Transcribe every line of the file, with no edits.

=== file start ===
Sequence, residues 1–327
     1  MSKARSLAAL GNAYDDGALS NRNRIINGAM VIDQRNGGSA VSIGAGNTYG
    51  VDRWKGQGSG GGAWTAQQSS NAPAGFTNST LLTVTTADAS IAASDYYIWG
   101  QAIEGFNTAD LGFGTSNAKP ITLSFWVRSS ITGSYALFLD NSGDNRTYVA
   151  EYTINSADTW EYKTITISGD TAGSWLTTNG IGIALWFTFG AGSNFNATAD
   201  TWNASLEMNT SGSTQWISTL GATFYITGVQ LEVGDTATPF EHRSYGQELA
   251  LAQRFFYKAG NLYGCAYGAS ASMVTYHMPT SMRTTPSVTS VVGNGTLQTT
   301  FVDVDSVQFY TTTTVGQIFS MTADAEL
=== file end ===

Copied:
Sequence, residues 1–327
     1  MSKARSLAAL GNAYDDGALS NRNRIINGAM VIDQRNGGSA VSIGAGNTYG
    51  VDRWKGQGSG GGAWTAQQSS NAPAGFTNST LLTVTTADAS IAASDYYIWG
   101  QAIEGFNTAD LGFGTSNAKP ITLSFWVRSS ITGSYALFLD NSGDNRTYVA
   151  EYTINSADTW EYKTITISGD TAGSWLTTNG IGIALWFTFG AGSNFNATAD
   201  TWNASLEMNT SGSTQWISTL GATFYITGVQ LEVGDTATPF EHRSYGQELA
   251  LAQRFFYKAG NLYGCAYGAS ASMVTYHMPT SMRTTPSVTS VVGNGTLQTT
   301  FVDVDSVQFY TTTTVGQIFS MTADAEL